But as positioning the sons to take over is a different matter — one draws derision from Nell Minow, a Washington-based corporate governance expert. In a prior life, she rated boards of directors. The only reasons she gave Murdoch’s News Corp. an “F” was that she had no lower grade.
“He wants the capital of a public company but to run it like a private company,” she says. “It’s the worst of both worlds for shareholders.”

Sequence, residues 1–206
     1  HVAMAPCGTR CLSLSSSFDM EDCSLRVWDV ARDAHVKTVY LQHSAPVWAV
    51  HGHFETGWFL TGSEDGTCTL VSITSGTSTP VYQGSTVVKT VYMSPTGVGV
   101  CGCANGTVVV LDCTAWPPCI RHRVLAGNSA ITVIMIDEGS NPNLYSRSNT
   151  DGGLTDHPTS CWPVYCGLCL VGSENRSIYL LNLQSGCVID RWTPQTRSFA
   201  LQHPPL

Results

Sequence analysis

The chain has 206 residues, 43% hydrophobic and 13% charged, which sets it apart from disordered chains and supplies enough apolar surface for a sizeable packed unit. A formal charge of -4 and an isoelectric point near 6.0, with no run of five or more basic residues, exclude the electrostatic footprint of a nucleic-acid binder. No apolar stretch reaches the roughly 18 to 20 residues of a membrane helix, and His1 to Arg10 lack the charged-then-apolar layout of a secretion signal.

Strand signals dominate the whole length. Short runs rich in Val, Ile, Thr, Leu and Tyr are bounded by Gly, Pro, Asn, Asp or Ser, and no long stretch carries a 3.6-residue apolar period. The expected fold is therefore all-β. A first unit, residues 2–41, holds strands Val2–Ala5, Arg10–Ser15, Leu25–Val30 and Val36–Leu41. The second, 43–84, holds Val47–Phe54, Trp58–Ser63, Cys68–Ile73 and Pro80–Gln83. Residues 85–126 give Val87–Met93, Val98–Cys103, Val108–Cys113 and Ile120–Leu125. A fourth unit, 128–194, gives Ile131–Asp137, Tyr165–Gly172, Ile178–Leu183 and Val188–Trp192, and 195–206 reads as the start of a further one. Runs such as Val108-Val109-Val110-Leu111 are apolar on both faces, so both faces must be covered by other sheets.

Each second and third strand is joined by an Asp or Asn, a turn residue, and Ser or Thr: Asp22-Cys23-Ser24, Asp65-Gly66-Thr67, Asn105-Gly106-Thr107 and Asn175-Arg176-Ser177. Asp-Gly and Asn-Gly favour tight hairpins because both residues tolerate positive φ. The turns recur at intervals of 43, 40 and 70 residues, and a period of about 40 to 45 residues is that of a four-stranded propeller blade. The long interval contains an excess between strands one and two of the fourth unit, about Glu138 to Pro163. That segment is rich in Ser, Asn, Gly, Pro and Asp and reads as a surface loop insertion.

She notes he’ll keep a big title (“executive chairman of the board”) at 21st Century Fox, “so there’s no shred of an attempt to create the appearance of independence or relinquish authority. It’s ridiculous and means nothing.”
“It’s as if Queen Elizabeth took one of her 100 titles and gave it to Prince Charles. It doesn’t change the relationship.”
When I told NPR media writer David Folkenflik my “take my bags to the Whitehall” tale, he noted how Murdoch can be dismissive to one and all, including his children.
“But blood runs thicker than water,” said Folkenflik, author of “Murdoch’s World: The Last of the Old Media Empires.”
“Ultimately, it’s a family company, even if it’s not.”